His time in the workhouse

For his protection Donahue was segregated in a special cell at the county workhouse. But inmates knew he was there. They clanged on the bars, screaming vile, threatening things down the echoing corridors.

After about a month, other inmates gradually sought Donahue out. Tentatively, they asked about the theater. And as he had always done, Donahue began teaching. He taught some inmates to paint and helped others who were illiterate write letters home.

In January of 1985 attorneys showed up at the workhouse to take depositions from Donahue for lawsuits filed against him and CTC. In the depositions Donahue said that during the three years preceding the BCA probe he had tried to curtail sexual relationships with minors. When he became sexually involved with T.J. O'Donnell, Donahue said in the deposition, "I fell off the wagon, as it were."

"Because you couldn't help yourself?" one lawyer asked.

"Well, may I be frank with you? . . . I take full responsibility, you understand. I was very aggressively approached by T.J., and I had been drinking at the time, and I responded, and I should not have, and I take responsibility for that, and that's why I pled guilty to it. . . .

"My ego was involved, too. I responded to his aggressive behavior, the fact that he sent me two love letters, and he was physically aggressive with me. I allowed myself to respond to that, and I never should have done that, because I was working on not doing that.

"I don't want to put the blame on him," Donahue told the lawyer. "I am merely sharing his actions."

O'Donnell is disillusioned

Not until T.J. O'Donnell read those words, did he understand the depths of Donahue's betrayal of him.

Donahue had been sexual with him on three occasions, O'Donnell said. "I just did it because I really loved him and I thought that's what I needed to do to take care of him. I remember walking him home, with him leaning on me because he couldn't stand up, almost dragging him to his house. But I really thought that he needed me, you know?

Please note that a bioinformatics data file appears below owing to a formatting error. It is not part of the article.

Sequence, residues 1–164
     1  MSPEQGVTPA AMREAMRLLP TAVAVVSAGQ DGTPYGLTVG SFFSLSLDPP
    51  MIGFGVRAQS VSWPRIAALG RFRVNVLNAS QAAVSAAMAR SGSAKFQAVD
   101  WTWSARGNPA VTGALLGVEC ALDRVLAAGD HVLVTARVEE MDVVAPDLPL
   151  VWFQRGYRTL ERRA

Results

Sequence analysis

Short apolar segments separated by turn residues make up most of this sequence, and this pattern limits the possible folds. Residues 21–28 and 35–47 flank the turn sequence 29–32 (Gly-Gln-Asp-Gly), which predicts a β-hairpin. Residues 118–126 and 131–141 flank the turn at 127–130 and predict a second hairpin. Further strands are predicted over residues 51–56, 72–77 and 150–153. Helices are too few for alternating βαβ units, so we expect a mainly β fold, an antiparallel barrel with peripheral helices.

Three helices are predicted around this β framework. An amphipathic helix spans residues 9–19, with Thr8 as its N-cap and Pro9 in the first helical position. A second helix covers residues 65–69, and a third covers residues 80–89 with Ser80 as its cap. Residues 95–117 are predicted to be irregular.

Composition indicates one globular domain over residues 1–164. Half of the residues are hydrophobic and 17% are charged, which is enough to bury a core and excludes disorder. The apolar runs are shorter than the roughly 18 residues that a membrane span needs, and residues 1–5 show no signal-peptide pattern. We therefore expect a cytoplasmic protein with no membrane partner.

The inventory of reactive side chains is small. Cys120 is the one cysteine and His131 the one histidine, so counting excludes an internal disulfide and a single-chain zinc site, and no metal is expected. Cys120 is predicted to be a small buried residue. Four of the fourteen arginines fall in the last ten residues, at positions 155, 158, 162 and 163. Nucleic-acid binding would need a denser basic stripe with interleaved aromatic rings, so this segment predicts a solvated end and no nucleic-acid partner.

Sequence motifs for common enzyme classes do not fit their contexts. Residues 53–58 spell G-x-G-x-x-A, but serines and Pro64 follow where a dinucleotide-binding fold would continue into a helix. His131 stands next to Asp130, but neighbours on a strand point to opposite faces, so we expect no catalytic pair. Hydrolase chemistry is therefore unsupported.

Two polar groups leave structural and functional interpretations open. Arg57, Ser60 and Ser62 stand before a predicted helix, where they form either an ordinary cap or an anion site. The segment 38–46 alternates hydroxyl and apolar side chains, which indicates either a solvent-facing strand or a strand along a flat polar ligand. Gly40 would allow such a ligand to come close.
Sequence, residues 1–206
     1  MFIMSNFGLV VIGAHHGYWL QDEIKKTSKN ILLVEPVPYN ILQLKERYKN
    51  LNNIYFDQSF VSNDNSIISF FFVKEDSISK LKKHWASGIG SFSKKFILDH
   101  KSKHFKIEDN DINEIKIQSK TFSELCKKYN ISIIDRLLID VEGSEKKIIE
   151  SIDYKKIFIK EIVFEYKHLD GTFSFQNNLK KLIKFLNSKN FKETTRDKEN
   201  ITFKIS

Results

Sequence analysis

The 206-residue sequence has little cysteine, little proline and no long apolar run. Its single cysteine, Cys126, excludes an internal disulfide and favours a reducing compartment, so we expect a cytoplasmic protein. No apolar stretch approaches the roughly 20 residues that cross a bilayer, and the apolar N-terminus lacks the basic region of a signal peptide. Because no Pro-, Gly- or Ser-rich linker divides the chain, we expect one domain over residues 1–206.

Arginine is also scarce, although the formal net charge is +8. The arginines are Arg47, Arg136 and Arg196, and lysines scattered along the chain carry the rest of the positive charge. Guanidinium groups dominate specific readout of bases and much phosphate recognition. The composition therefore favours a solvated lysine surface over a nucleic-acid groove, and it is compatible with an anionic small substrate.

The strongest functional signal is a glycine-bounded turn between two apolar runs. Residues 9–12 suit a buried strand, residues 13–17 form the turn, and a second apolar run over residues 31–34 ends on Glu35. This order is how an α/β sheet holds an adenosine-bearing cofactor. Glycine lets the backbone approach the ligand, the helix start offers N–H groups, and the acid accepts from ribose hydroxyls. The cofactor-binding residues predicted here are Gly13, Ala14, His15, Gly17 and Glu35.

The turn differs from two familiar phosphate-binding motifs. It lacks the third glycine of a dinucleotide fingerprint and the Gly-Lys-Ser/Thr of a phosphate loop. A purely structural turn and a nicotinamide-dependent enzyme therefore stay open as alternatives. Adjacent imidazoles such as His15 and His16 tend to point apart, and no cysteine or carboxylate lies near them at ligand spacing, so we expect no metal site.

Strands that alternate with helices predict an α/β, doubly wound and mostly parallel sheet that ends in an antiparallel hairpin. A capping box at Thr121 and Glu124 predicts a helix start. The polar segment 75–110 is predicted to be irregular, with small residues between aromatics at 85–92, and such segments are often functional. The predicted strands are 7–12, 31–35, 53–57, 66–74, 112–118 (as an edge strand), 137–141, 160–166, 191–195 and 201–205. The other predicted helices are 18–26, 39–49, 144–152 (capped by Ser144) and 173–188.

"And in his deposition, he said, `Mr. O'Donnell - what was the word he used? - was "aggressively pursuing" me.' What a coward! What a coward! That's like beating a child! How much guts does it take to do that and then deny it? I would have had so much more respect for him had he come out and said, `Yes, I did this.' But he didn't. He didn't.

"After reading his deposition, I then became disillusioned. And I remember crying in my psychiatrist's office, saying `I wish I didn't do it. I wish I didn't testify. I want it to be my fault.' "

For five years, O'Donnell saw therapist Susan Phipps-Yonas, all the while telling himself it was to please his parents, not because he needed help.

As intellectually and artistically gifted as O'Donnell is, he was both more mature and more naive than one might expect a 17-year-old to be, said Phipps-Yonas. He had idolized Donahue. When he grasped that he had been tricked into sexual compliance, his resulting rage came in exact proportion to the love and esteem he once felt for Donahue, Phipps-Yonas said.

Ultimately, O'Donnell sued Donahue and CTC's board, as did two other victims. Before his case went to court, CTC's insurers settled with him for an undisclosed amount of money.

It was difficult for O'Donnell to admit that he was a victim, he said. Hardest to resolve was whether what happened to him was abuse. When Donahue first abused him, O'Donnell was convinced that he could take care of himself.

"If that kind of thing happened to me today, I'd be able to defend myself. But I didn't have the tools to defend myself then. I'm not talking about physically, but mentally, being able to make those kinds of decisions.

"And that's where I think it's abuse and that's why I struggled with it for so long - was being powerless. . . .

"It's not just that abuse is illegal or it's some kind of religious taboo. There's a reason for it: As you grow, you learn how to defend yourself and you learn how to make choices." Tuesday: Once intertwined, the worlds of Donahue, CTC and O'Donnell diverge. And the man, the institution and the boy find separate ways to survive.